7.3 Thermodynamics of the blackbody radiation

    7.4 The field of sound waves

    7.5 Inertial density of the sound field

    7.6 Elementary excitations in liquid helium II


    Chapter 8: Ideal Fermi Systems

    8.1 Thermodynamic behavior of an ideal Fermi gas

    8.2 Magnetic behavior of an ideal Fermi gas

    8.3 The electron gas in metals

    8.4 Ultracold atomic Fermi gases

    8.5 Statistical equilibrium of white dwarf stars

    8.6 Statistical model of the atom


    Chapter 9: Thermodynamics of the Early Universe

    9.1 Observational evidence of the Big Bang

    9.2 Evolution of the temperature of the universe

    9.3 Relativistic electrons, positrons, and neutrinos

    9.4 Neutron fraction

    9.5 Annihilation of the positrons and electrons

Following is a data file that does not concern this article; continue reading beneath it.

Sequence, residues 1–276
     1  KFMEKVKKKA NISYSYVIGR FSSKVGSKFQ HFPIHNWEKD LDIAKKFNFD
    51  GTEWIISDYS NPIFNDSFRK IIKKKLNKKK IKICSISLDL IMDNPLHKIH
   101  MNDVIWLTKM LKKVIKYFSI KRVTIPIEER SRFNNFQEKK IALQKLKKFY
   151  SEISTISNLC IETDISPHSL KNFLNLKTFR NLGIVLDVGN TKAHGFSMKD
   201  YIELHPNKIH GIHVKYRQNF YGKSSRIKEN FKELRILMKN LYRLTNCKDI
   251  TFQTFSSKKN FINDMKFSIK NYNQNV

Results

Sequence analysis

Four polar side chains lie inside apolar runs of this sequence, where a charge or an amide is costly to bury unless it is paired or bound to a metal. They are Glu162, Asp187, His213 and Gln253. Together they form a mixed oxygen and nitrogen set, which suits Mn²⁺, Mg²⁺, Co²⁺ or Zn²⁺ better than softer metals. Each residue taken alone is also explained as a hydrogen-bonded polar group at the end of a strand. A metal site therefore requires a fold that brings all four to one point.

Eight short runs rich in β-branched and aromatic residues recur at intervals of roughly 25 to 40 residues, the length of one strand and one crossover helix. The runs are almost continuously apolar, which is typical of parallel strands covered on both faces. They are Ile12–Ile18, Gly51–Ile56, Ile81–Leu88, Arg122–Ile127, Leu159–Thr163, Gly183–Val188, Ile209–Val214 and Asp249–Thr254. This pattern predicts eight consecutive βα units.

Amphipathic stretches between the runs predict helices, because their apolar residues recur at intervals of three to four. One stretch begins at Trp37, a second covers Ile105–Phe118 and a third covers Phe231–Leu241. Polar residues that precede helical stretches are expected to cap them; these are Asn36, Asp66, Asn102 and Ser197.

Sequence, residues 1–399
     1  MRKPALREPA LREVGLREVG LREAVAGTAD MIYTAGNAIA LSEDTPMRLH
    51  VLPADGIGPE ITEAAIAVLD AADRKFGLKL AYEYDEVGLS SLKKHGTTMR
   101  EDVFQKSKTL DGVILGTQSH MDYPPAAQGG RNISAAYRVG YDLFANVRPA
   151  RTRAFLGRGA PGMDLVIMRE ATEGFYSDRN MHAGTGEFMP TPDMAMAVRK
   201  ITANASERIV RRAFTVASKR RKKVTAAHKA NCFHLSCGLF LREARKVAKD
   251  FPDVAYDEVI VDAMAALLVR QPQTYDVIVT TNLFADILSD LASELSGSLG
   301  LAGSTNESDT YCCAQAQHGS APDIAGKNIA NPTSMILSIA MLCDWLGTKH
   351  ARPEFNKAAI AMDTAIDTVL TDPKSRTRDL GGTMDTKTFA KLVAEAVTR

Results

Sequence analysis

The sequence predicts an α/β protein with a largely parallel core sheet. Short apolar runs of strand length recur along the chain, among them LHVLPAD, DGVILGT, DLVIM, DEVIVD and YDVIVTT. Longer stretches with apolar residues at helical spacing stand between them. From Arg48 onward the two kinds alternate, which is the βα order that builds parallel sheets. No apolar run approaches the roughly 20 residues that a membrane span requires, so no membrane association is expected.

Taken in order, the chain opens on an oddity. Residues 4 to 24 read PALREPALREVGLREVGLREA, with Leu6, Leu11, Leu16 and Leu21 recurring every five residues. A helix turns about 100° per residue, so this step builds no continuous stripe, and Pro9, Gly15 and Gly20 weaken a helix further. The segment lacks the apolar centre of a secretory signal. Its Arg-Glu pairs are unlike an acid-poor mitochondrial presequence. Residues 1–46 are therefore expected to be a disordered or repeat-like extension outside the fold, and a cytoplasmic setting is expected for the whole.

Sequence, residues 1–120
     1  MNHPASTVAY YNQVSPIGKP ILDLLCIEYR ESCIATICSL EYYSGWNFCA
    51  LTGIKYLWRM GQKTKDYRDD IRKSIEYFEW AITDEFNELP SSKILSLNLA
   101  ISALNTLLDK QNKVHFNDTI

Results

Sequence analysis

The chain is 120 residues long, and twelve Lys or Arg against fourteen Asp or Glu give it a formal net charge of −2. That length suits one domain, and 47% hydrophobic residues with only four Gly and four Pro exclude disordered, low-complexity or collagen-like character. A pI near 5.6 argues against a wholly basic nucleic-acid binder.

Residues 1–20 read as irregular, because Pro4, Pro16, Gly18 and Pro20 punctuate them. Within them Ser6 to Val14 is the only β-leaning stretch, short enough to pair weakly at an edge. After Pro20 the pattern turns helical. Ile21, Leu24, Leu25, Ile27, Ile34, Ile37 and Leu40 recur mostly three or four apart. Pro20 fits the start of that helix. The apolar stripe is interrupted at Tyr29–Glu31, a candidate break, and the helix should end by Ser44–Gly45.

9.6 Neutrino temperature

    9.7 Primordial nucleosynthesis

    9.8 Recombination

    9.9 Epilogue


    Chapter 10: Statistical Mechanics of Interacting Systems: The Method of Cluster Expansions

    10.1 Cluster expansion for a classical gas

    10.2 Virial expansion of the equation of state

    10.3 Evaluation of the virial coefficients

    10.4 General remarks on cluster expansions

    10.5 Exact treatment of the second virial coefficient

    10.6 Cluster expansion for a quantum-mechanical system

    10.7 Correlations and scattering


    Chapter 11: Statistical Mechanics of Interacting Systems: The Method of Quantized Fields

    11.1 The formalism of second quantization

    11.2 Low-temperature behavior of an imperfect Bose gas

    11.3 Low-lying states of an imperfect Bose gas